La Vita é Bella

Review of the Prague 1 Italian restaurant Staff

Written by Staff Published on 12.12.2007 13:16:01 (updated on 12.12.2007) Reading time: 3 minutes

Written by Christopher Alice

Like any self-respecting cosmopolitan city, Prague has more than its fair share of Italian restaurants.  A shame then, that so many people, even locals, flock to generic mass eateries with convenient, visible locations when bitten by the Mediterranean bug.  Even more so given that the city is chock-full of authentic Italian gems hidden in plain sight just around the corner from the main tourist thoroughfares.  Like La Vita é Bella.  Only a couple steps from Pařížská Street and the Spanish Synagogue, LVB seems to be completely invisible to the throngs of travelers who pass it daily.  Not that this is a bad thing.  On most evenings the restaurant is barely populated, providing those in the know the opportunity to have a genuine Italian culinary experience (almost) all to themselves; the effect is even more pronounced during afternoons. Rating

The menu offers such an exhaustive variety of dishes representing Italian regions from Sicily and Calabria all the way up to the Alps -and numerous weekly specials as well – that selecting one’s meal can easily turn into a 45-minute marathon of agonizing compromises and sacrifices. For starters, La Vita é Bella offers up the highest count of carpaccio-ed animals I’ve yet encountered in Prague, including such delicacies as swordfish and squid.  Even more familiar cuts such as the tuna with arugola and sweetcorn are light and pleasant, if lacking the bold flavor of more exotic alternatives.  Staples such as prosciutto with melon, bruschetta, and a perfectly-spiced salmon tartar served with toast and cherry tomatoes are available as well, but are prepared with fresher, higher-quality ingredients than in most establishments.

First courses are primarily comprised of various pasta and risotto dishes, all as well-prepared and presented as the antipasto offerings.  Highlights include tortellini with cheese fondue and truffles, a deliciously creamy (if a bit heavy) comfort food, and a saffron risotto cooked to the perfect consistency, although as always more intriguing combinations await more adventurous diners, such as penne with cuttlefish and olives.

For a second course, gourmands would do better to avoid the bland – and in my experience, overcooked – steaks and opt for fish, the house specialty. Tuna, sole, the recommended sea bass – available both baked or in a salt crust – and other fish such as brill are of the highest caliber and exquisitely presented, and can be shared by two.  Other entrées include succulent lamb chops with rosemary, veal dishes, and even rabbit Galatina with a spring salad.  These dishes can be accompanied by any one of dozens of Italian wines, and a myriad of side dishes; the crunchy golden-brown roasted potatoes with rosemary are the perfect addition to virtually any entrée, while the spinach with garlic butter is…healthy.  And if through all this you still somehow manage to save some room for a final course, traditional Italian desserts from classic tiramisu to a rich chocolate soufflé served in a shallow pool of sauce and topped with an absurdly large strawberry serve to permanently immobilize you.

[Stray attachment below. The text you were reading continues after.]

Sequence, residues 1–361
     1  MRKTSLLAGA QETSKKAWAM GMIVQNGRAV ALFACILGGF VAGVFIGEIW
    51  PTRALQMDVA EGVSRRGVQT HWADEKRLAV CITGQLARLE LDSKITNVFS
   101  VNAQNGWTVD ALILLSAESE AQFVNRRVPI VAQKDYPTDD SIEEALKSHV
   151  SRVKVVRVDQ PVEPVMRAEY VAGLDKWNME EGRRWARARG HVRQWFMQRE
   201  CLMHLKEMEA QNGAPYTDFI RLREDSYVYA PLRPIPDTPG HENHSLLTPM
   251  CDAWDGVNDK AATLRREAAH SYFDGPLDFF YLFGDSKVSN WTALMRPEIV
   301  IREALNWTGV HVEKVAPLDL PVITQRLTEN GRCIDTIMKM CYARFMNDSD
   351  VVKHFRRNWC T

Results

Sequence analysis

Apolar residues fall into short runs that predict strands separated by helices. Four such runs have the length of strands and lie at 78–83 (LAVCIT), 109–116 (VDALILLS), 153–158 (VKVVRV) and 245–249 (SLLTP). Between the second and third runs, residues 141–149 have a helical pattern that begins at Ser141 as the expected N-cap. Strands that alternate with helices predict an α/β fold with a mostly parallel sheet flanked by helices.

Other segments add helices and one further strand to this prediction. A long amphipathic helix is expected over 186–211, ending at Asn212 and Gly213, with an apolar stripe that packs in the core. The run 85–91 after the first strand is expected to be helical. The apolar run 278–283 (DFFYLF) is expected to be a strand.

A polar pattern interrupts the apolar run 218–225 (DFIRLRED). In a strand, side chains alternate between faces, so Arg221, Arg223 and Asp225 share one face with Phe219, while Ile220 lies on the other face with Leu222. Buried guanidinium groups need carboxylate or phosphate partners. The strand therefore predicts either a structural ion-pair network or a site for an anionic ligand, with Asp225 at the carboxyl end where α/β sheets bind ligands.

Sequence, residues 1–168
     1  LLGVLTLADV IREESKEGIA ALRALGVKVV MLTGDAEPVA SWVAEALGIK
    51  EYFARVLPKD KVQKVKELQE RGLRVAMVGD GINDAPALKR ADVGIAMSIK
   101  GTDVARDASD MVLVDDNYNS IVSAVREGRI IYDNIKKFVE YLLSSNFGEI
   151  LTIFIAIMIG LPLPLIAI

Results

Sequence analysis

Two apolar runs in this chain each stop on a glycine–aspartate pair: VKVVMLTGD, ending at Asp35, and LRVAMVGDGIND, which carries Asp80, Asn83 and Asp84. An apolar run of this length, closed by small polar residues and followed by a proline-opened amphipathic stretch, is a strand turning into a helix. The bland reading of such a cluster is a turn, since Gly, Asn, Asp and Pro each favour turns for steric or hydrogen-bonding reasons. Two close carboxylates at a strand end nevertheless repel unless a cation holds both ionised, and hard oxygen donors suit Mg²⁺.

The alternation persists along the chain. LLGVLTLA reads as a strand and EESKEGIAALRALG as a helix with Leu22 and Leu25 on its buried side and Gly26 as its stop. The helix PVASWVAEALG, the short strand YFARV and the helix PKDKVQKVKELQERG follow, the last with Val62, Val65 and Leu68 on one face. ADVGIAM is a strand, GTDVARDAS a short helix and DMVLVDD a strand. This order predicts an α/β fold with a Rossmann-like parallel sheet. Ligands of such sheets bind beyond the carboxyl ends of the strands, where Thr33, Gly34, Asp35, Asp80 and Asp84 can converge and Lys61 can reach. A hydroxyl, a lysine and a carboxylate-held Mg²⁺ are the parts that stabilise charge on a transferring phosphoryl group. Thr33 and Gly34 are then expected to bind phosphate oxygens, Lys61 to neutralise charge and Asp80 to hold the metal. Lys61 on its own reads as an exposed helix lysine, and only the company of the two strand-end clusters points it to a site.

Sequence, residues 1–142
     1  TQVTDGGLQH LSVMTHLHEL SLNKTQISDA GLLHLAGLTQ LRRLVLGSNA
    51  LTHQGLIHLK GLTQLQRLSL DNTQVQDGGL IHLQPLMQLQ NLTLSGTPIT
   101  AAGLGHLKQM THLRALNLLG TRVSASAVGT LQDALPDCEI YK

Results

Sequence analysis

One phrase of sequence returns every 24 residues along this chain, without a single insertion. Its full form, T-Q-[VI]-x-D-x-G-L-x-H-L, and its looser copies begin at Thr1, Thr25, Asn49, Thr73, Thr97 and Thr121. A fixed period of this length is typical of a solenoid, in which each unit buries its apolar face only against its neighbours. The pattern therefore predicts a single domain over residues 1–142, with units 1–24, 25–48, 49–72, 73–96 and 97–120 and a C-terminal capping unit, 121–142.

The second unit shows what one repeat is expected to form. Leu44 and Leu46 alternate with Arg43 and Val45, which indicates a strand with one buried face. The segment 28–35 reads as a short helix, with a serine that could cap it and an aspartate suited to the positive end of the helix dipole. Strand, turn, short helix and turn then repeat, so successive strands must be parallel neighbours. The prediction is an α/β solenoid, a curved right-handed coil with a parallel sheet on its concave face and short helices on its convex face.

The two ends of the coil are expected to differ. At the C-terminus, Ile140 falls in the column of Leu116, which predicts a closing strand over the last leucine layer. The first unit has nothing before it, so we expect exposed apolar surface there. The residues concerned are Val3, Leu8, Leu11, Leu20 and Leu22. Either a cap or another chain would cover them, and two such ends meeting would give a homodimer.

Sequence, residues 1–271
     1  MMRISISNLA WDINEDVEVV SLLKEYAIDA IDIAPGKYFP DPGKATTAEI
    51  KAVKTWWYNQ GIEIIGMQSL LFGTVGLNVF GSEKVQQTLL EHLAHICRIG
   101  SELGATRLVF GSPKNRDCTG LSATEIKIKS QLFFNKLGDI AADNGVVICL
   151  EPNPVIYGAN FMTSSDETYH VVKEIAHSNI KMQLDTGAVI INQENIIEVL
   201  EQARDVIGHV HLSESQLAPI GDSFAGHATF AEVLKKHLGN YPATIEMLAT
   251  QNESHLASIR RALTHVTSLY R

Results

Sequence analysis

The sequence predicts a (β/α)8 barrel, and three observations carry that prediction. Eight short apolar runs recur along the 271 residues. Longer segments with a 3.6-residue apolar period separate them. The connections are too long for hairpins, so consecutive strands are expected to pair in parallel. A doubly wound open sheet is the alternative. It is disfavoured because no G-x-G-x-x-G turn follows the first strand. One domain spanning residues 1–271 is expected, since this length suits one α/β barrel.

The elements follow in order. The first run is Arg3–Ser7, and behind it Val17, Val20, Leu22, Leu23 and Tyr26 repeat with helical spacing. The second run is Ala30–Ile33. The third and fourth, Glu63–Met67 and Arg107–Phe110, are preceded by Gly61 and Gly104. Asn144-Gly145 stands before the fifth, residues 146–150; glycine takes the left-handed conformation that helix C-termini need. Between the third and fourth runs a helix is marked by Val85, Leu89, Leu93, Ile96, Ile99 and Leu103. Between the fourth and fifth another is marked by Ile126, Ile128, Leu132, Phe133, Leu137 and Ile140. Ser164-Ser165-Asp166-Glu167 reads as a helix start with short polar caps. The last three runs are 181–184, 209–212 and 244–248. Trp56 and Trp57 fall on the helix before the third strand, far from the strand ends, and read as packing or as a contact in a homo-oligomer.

Unfortunately, everything isn’t as divine as the food; holding La Vita é Bella back from the ranks of the truly great is a staid, sterile atmosphere lacking the warmth and coziness of other classy, but more “family-style”, Italian restaurants.   While it’s clear the designers were going for a clean, modern look, the relentless white of walls and tablecloths under the track lighting invokes more memories of an art gallery than of Grandma’s kitchen, ironic considering the insipid floral artwork displayed.  At least a small back garden is open during the summer months. Thankfully, the service is top notch; our numerous waiters and waitresses were exceedingly polite, quick and humorous, and seemed to be magically attuned to our slightest whims: ever available but never overbearing.

Roughly 50% more expensive than more frequented places such as Pasta Ambiente, La Vita é Bella isn’t cheap, but it’s still less expensive than Prague heavyweights like Pravda and Kampa Park – and more importantly, is worth every crown.  Italian food may be everywhere, but it is rarely found in such staggering abundance and quality.  A true find and actually a grand bargain when compared to restaurants of similar excellence but with a snobbier clientele, La Vita é Bella is, quite simply, one of the best Italian restaurants in Prague.

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